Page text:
St. Patrick's Chair is a rock cut throne that sits on top of a ridge above the 'well'. With the collection of other seat shaped rocks it looks more like "St. Patrick's Three Piece Suite".
The 'well' is actually the bullaun stone , which is said "never to run dry" - this is not surprising as the site is like a mini rain forest! The little grove has loads of ferns and every rock drips with water. It is a single bullaun cut into the top corner of a large rock outcrop. Between it and the chair above are two Rag Trees, where people have left many offerings.
The sign at the car park calls it an ancient druidic centre. This certainly wouldn't surprise me, but I'd like to know on what grounds they say this, beyond tourism. What ancient references do they have?
Not surprisingly for a bullaun stone, the site was originally dedicated to St. Brigit and probably the goddess Brigid before that. The water from the bullaun is credited with all sorts of cures, but like most it is mainly a wart removal machine.
To actually find the chair and well from the car park follow the track to the gate and then take the path down to the right and then go straight on up the steps and along the ridge. Once again, this site is very badly signposted until you get there.
The original purpose of bullan stones is not really known, but they have an undisputable association with water and Brigid worship. A 'bullaun' is a deep hemispherical cup hollowed out of a rock. Bullaun Stone refers to the rock itself, which can have many bullauns in it, although many are single.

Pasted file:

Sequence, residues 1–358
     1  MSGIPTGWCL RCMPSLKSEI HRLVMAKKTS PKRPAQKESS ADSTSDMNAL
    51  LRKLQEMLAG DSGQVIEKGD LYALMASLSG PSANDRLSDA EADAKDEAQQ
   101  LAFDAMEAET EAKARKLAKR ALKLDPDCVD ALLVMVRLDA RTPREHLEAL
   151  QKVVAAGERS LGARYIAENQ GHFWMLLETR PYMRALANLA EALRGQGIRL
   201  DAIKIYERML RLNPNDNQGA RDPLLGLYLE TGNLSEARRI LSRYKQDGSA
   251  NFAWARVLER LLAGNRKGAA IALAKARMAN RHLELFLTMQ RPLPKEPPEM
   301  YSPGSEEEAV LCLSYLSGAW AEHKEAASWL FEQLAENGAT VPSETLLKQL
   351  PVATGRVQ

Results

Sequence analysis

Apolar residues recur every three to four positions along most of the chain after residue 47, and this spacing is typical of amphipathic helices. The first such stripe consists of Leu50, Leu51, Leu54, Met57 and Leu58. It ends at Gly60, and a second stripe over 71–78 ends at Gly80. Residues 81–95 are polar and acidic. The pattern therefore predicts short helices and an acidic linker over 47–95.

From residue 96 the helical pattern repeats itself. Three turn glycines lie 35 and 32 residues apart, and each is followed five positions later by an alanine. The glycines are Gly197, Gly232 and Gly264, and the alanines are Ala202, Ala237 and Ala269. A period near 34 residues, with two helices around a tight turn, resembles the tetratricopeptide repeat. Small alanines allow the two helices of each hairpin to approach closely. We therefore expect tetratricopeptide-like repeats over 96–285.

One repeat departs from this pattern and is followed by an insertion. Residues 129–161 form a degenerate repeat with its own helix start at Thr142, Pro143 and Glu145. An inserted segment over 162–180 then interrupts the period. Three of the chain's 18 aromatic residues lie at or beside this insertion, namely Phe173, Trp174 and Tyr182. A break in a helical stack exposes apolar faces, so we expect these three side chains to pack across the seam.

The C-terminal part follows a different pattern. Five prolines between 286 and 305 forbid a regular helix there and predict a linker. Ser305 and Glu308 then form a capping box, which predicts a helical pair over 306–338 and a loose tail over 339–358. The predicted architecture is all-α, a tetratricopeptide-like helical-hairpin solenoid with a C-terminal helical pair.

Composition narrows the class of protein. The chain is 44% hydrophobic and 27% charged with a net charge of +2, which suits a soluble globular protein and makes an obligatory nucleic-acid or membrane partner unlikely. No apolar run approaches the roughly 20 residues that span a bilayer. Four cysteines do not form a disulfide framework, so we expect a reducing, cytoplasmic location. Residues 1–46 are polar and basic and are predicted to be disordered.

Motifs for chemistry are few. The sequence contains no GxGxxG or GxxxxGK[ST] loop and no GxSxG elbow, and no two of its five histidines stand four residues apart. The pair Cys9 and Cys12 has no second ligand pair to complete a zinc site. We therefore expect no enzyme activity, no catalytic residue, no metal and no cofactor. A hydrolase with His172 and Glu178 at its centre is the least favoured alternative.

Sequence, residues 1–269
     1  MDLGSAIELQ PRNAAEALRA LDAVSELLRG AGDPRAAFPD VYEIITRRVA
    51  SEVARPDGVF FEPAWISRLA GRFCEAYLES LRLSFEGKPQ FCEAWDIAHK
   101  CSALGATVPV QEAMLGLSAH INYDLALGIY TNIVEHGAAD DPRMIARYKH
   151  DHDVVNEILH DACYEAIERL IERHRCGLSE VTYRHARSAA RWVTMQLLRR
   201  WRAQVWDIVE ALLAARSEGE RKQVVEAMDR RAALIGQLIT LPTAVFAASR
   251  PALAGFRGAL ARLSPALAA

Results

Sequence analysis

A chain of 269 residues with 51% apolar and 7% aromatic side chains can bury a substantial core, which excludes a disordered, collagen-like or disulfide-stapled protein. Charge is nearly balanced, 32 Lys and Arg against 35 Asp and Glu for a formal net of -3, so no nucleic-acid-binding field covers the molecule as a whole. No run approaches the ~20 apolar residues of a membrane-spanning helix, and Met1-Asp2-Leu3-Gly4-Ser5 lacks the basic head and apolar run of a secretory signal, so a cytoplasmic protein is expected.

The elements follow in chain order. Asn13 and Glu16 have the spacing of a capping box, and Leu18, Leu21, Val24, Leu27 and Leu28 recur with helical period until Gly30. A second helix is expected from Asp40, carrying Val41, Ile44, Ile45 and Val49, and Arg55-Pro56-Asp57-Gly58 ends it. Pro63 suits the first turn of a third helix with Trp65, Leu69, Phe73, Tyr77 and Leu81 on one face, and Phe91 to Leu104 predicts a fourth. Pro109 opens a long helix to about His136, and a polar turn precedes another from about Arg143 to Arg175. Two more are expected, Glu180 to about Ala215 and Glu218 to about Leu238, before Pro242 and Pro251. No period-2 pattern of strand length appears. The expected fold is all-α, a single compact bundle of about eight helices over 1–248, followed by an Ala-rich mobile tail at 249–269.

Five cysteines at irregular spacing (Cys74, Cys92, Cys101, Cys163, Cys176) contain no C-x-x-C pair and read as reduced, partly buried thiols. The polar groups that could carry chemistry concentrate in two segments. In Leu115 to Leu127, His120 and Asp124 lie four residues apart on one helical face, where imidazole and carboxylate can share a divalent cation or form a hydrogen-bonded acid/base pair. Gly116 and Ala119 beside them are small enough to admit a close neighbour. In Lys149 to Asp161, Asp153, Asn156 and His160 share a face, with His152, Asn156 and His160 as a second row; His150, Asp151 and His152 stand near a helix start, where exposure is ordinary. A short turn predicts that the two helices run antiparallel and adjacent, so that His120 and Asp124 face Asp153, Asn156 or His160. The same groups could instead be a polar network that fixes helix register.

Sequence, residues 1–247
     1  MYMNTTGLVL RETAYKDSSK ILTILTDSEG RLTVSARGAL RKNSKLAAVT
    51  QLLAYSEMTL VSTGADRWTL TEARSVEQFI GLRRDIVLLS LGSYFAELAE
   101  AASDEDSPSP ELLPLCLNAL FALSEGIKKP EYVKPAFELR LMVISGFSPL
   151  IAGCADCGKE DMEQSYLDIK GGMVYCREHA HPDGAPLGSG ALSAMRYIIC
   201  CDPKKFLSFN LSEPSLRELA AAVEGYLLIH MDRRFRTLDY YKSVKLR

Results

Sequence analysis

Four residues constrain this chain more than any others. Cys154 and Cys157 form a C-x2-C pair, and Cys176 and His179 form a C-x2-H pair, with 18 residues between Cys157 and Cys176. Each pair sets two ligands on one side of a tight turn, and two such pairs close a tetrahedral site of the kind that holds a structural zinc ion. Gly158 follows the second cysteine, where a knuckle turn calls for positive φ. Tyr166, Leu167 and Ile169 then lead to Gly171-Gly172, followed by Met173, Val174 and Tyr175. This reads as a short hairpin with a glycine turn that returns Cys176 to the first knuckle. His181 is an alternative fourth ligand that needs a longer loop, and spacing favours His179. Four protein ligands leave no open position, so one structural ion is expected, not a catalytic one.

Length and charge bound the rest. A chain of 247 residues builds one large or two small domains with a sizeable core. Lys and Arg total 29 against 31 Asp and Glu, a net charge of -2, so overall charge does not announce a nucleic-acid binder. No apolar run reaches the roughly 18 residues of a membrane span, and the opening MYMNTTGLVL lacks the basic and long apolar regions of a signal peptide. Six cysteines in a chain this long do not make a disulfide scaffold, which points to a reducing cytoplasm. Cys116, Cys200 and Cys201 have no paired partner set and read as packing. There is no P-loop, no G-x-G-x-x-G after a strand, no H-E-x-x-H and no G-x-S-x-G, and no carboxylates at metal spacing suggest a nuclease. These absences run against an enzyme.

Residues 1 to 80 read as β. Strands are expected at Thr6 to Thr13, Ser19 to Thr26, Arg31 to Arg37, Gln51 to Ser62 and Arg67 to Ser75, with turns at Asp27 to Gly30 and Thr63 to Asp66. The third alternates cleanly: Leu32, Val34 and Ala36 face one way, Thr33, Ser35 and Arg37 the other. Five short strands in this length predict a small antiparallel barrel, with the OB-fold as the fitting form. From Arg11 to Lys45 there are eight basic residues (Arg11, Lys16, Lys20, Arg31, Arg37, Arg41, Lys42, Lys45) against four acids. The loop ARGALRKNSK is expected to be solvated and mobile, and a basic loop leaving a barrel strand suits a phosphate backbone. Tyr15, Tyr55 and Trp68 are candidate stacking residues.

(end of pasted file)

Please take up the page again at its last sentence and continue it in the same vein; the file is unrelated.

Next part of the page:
It is generally thought that they date from the Bronze Age, but I personally believe there is a much old provenance to them and that there is a relationship to prehistoric rock art, for a good example of this see Glassamucky Mountain (County Dublin).
Ritual use of some bullaun stones has continued well into the Christian period and many are found in association with early churches (The Deer Stone (Glendalough D) (County Wicklow) is just one of many at Glendalough (County Wicklow)) and holy wells. Their presence at so many early Christian sites, to me, places them as being of massive importance to the pre-Christian inhabitants of Ireland and something the church was very eager to assimilate.
The beautiful example at St Brigit's Stone (County Cavan) still has its 'cure' or 'curse' stones. These would be used to by a visitor turning them whilst praying for (or cursing) someboby.
This is an explanation of (and a bit of a disclaimer for) the coordinates I provide.
Where a GPS figure is given this is the master for all other coordinates. According to my Garmin these are quite accurate.
Where there is no GPS figure the 6 figure grid reference is master for the others. This may not be very accurate as it could have come from the OS maps and could have been read by eye. Consequently, all other cordinates are going to have inaccuracies.
The calculation of Longitude and Latitude uses an algorithm that is not 100% accurate. The long/lat figures are used as a basis for calculating the UTM & ITM coordinates. Consequently, UTM & ITM coordinates are slightly out.
UTM is a global coordinate system - Universal Transverse Mercator - that is at the core of the GPS system.
ITM is the new coordinate system - Irish Transverse Mercator - that is more accurate and more GPS friendly than the Irish Grid Reference system. This will be used on the next generation of Irish OS maps.